USER INTERFACE WORK
This game’s interface and visual language were entirely recreated from scratch between the period of October - January 2019, for the Indie Arcade at MAGFest. The game’s initial visual design was grass-themed, bright, and goofy, with a UI that wasn’t quite cohesive with its visual identity. This game called for special consideration for user interaction, as players strapped on and stepped onto custom controllers made just for the game. Menus are navigated by flapping arms and stomping feet.
ABOUT SOARIN’ SCURRY
Soarin' Scurry is a two-player racing game where you get to use your body as a controller. (View MAGFest participant footage here.) Step onto your bright neon Bird Pad and don your Wing Connectors to get into action. Frantically stomp your feet and flap your arms to make your way across lush, vibrant neon levels which will truly test your avian abilities. Land your bird on the Finish Square first for victory (and bragging rights)! This game is the first of many games to come from the collective Dolphin Dungeon.
TEACHING A GAME, FAST
Showing our game at a convention meant our instructions had to be clear, concise, and digestible for two players all in the span of a few minutes in order to keep our play cycle running smoothly. Because of this, I thought the best way was to break our start screen, instructions, level select, and bumper selection into separate screens so as to not overwhelm the player.
FLASHY BUT FUNCTIONAL
The game’s UI elements as well as handling of visual flair are over-the-top, vibrant, and energetic, just like the neon signs our visual language pulls from, This treatment aimed to get players amped-up about competition. Simple instructions for what to do on each terrain element flash when they change between RUN and FLY modes, and fill up depending on the player’s momentum level.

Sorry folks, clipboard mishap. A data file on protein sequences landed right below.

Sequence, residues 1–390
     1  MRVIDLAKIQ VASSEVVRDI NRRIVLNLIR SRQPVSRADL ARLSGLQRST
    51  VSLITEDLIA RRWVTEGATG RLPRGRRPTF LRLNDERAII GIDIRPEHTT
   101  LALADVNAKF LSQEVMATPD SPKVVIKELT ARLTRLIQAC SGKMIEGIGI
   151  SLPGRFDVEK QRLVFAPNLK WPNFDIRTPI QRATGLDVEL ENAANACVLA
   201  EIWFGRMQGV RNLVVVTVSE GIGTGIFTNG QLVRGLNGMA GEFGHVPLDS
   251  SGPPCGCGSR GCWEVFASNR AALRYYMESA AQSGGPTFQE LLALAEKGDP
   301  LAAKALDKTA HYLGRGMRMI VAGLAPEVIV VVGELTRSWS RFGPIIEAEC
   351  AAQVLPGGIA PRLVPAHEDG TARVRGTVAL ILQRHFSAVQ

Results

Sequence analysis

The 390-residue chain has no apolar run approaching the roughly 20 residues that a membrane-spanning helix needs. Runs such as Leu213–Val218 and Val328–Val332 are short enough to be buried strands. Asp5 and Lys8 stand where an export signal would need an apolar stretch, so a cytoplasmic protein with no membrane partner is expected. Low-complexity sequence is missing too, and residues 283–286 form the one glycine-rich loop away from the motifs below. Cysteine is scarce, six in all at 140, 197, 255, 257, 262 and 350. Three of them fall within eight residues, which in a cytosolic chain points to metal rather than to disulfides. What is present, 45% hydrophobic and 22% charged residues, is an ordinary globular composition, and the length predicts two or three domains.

In addition to working on the user interface and development for Soarin’ Scurry, I also worked with my team to design our supplemental promotional materials. This included our game’s logo (above), collective’s logo, business card design, takeaway sticker design (all below), and MAGFest promotional images both physical and digital.
make.it is a fictional company focused on connecting artists of all disciplines with game developers and designers. For this project, I created an app design, website design, and print materials promoting the connection of creators.
A FOCUS ON COMMUNITY - BY DESIGN
For the interface present on both the mobile and desktop side of this service, I put a particular emphasis on discovery of content, teams, and talented individuals, as well as on messaging and communication between members. These focuses make up the most prominent aspects of the website. make.it aims to create a collaborative community through these focuses.
Multiplayer has always been a fascination of mine, but this game tested my limits on how to convey rapid real-time number-based stats on each player’s standing as they beat each other up and gathered coins. Four players = lots of chaos and lots of numbers.
ABOUT PRIME-TIME CRIME
Prime-Time Crime is a four-player competitive multiplayer game where you loot a bank, the city, the sewers, and the park for all of the money you can carry. Take on the role of HELGA the Strong, OL' BETTY the Wise, GARY the Guy, or TONY the Tough Guy and duke it out across the city on your way towards the Getaway Car.
IMPORTANT IN-WORLD CUES
In addition to keeping track of the overall stats and ranking of each player, a big focus of this project was attempting to show valuable information right in the middle of the action. Each coin collected and chunk of coins lost are shown directly in the game space (both with physical coins and floating point numbers) in order to keep players focused on the action, When a user is gathering or losing a lot of money, the feeling is visceral through coins flying or dollar signs generating. This separation of stat communication allows immediate feedback for small gains and losses in the world-space, while still leaving total stats present in the ID Card Tray. I made these shapes reminiscent of licenses to reinforce the idea of the players’ successes and failures being part of their character’s worth as a robber.
THANK YOU FOR VIEWING MY WORK! ♥